public boolean supports(Class<?> clazz) {
    return (this.targetValidator != null);
  }

  // Call the validator to verify the target object and put the result of verification—ConstraintViolations error message—in the BindingResult of Errors.
  // In short, it is to convert the failure information object to the verification failure information object inside Spring.
  @Override
  public void validate(Object target, Errors errors) {
    if (this.targetValidator != null) {
      processConstraintViolations(this.targetValidator.validate(target), errors);
    }
  }
  // Other settings are omitted.
}

2.2 Service Method Parameter Verification

2.2.1 Effect Example

In most cases, it is necessary to verify the parameters of the Service layer interface, so how to configure it?

When verifying the constraints of a method input parameter, if the method is of @Override parent class /interface, then this input parameter constraint can only be written on the parent class /interface.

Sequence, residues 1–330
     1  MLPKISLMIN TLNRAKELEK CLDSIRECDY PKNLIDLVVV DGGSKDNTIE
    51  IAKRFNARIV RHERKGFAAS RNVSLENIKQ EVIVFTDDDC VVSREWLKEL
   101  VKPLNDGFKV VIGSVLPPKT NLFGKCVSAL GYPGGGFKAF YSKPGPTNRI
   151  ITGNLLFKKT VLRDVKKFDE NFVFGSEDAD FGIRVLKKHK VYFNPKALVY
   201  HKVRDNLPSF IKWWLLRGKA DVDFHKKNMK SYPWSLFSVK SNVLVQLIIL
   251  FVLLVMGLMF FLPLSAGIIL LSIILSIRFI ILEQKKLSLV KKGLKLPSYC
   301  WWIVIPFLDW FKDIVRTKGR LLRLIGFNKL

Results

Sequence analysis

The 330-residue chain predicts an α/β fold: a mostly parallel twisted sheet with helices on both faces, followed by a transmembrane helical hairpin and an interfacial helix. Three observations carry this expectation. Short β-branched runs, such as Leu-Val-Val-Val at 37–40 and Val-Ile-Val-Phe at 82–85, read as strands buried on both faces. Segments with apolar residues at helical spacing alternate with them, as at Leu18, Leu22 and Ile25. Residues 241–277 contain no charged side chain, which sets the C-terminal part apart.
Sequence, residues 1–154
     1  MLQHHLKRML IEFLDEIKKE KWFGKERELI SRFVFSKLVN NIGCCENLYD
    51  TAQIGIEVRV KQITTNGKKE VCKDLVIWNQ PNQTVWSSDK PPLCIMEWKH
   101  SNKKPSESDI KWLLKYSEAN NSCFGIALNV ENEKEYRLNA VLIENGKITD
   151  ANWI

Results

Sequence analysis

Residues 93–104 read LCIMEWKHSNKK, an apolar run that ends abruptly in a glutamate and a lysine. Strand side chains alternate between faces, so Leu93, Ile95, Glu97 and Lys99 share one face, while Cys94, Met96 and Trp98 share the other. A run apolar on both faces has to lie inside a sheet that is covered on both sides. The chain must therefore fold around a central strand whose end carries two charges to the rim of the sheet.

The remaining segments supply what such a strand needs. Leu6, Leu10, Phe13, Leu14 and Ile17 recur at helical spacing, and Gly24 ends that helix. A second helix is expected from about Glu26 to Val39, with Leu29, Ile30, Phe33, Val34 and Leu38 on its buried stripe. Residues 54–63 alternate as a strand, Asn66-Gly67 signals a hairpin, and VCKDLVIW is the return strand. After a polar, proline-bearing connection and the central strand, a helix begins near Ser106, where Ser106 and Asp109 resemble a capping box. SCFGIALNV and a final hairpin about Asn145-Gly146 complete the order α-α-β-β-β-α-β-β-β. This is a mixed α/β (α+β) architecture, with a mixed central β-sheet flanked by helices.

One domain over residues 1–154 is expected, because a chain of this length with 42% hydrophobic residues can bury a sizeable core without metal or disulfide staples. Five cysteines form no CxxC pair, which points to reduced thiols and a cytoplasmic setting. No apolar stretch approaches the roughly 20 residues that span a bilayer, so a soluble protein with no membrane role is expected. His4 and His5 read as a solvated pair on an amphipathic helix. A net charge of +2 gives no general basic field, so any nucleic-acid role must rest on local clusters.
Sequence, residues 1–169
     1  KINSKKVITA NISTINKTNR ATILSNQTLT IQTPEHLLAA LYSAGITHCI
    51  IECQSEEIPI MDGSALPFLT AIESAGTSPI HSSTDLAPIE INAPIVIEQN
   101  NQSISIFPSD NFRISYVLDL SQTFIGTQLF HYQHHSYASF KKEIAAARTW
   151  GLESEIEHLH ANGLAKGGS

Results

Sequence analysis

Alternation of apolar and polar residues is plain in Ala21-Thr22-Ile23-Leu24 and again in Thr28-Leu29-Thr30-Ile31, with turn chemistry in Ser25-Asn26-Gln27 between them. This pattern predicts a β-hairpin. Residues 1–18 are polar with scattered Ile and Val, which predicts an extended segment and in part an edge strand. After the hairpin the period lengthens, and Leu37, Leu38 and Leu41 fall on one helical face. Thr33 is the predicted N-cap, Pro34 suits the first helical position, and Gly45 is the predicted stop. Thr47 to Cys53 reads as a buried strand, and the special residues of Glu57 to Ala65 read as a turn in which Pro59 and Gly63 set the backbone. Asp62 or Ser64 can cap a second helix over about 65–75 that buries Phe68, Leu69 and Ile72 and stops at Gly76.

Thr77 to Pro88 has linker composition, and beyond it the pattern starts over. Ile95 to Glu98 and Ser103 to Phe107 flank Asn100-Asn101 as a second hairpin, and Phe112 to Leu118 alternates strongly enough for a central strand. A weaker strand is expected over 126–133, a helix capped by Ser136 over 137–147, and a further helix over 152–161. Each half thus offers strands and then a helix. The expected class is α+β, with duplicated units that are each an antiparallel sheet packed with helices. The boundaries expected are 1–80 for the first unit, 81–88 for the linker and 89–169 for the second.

(The reason why it can only be written at the interface is related to the implementation product of Bean Validation. Refer to this class: OverridingMethodMustNotAlterParameterConstraints)

If the input parameters are tiled:

First, add annotation constraints to the method input parameters of the parent class /interface, and then decorate our implementation class with @Validated.

public interface SchedulerServiceClient {
    /**
     * Obtain all scheduled tasks in different environments of the application
     * @param appName The name of the application
     * @param env The environment
     * @param status The status of the task
     * @param userId The ID of the user
     * @return
     */
    List<JobConfigInfo> queryJobList(@NotBlank(message = "The application name cannot be empty")String appName,
                                     @NotBlank(message = "The environment cannot be empty")String env,
                                     Integer status,